Rotherham’s girls: Evil retains its place in Western liberal society

Institutions would rather look the other way


Britain’s news agenda has been dominated this summer by horrors committed on foreign fields. We have watched as men, women and children have been slaughtered by religious fanatics in Iraq and Syria, caught in the crossfire of strife in Ukraine, and blown up by Hamas rockets or Israeli bombs. If peace in the West has not (yet) been directly compromised, our morality has certainly been outraged.

Yet this week’s shocking report on the widespread sexual abuse of children in Rotherham has blown a hole in any idea that enlightened Western liberalism somehow offers protection from large-scale evil in Britain itself.

The findings of Professor Alexis Jay should send a collective shudder through British society. That the lives of 1,400 young people were ruined by abuse over a period of 16 years up to 2013 is almost beyond comprehension. Gang rapes, serious assaults and psychological torture were the norm for hundreds of children. And the facts cannot be blurred by that terminological net curtain “historical abuse”.

There is no dispute, and it would be dangerous to deny, that a great deal of crime was committed within a cultural context that led perpetrators of mainly Pakistani heritage to regard girls, in the main white ones in this case, as barely more than possessions. That attitude clearly has no place in a civilised country.

But beyond the grim reality that groups of British men spent their days gleefully inflicting unimaginable misery on vulnerable children lies the hardly less troubling approach of the police and others whose role was purportedly  to offer protection to the defenceless. The failure of South Yorkshire Police, Rotherham Council and other local agencies to curb widespread criminality is incomprehensible. The notion that some in positions of authority deliberately sought to undermine reports of abuse is simply reprehensible.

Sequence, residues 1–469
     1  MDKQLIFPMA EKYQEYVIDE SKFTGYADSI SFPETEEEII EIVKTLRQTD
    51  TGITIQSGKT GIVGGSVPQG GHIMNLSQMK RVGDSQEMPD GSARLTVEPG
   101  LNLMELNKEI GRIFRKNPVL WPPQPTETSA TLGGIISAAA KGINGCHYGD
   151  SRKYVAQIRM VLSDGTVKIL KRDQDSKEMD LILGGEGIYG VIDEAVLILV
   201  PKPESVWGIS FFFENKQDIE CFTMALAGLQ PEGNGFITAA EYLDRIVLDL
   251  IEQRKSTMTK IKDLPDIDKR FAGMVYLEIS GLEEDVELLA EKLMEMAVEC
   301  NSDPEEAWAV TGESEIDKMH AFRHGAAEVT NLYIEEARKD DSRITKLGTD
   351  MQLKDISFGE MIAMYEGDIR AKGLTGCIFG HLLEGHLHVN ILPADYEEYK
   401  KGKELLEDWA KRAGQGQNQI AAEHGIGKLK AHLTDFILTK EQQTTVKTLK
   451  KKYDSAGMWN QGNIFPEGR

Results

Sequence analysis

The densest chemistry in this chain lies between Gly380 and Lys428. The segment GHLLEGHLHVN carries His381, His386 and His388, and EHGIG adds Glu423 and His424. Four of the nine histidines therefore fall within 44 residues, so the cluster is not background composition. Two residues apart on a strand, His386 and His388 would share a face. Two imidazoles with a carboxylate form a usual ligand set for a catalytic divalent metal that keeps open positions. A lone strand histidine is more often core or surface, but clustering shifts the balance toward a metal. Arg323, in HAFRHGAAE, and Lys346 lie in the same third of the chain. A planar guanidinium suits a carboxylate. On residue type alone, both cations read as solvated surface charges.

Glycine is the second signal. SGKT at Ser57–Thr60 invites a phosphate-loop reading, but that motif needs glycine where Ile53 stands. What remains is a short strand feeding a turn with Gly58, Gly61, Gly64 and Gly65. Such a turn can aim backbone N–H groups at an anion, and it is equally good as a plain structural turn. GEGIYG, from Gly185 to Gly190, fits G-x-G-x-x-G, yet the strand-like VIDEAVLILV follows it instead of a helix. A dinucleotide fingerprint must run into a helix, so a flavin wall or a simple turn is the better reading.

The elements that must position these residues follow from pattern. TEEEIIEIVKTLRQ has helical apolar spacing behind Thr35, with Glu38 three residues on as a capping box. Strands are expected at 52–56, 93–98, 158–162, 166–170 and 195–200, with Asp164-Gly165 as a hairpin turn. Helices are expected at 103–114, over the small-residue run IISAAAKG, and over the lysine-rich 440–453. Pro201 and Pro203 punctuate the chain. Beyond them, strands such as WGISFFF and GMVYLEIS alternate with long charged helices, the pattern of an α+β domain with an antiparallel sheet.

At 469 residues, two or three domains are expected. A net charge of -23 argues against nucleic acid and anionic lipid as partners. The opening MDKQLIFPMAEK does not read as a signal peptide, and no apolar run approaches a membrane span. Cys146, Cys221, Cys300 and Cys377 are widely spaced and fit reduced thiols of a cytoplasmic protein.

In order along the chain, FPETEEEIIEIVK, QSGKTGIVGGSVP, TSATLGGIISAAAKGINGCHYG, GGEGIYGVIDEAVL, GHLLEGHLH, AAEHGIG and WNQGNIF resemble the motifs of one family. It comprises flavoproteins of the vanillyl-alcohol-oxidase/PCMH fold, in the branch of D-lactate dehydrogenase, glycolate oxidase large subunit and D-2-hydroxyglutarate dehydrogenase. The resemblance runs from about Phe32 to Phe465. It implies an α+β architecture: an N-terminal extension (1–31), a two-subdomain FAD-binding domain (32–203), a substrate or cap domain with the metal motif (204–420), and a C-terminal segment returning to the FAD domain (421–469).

While there will be some who seek comfort in the proposition that abusers were motivated by a “foreign” culture, the actions of the police and others in authority were indicative of a seemingly standard feature of British institutional life: a desire to see and hear no evil, and subsequently to cover up evidence of collective failings.

The degree to which victims were not only disbelieved but also treated with indifference, even contempt, is itself as contemptuous as it is depressing. Agencies were afraid that they might appear racist by focusing their attentions on criminals who were overwhelmingly from Asian backgrounds. Some police officers told Professor Jay and her team that influential Pakistani councillors were barriers to discussions about grooming in the community. Yet all this is so much buck-passing.

The cases in Rochdale, Oxford and elsewhere that presaged this scandal should not reduce its shocking impact. For at its heart it demonstrates a lack of gumption and guts among men and women in authority who must have known children were being raped and yet chose to look the other way. Some have argued that whistleblowers need to be offered greater protection so they feel motivated to expose wrongdoing. But why should there be any need to blow a whistle when information about abuse was so widely known it was virtually being heralded by trumpeters?

It is difficult to reject the suspicion that many victims were ignored for the reason that victims are often ignored: because they were regarded as having played a part in their own downfall. They were runaways; they played truant; they hung around with unsuitable older men; they took drugs and got drunk. They were as worthless in the eyes of their protectors as they were in the eyes of their abusers.

British authorities may not be able to protect the children of Syria and Iraq. But on our own shores there can be no excuse.

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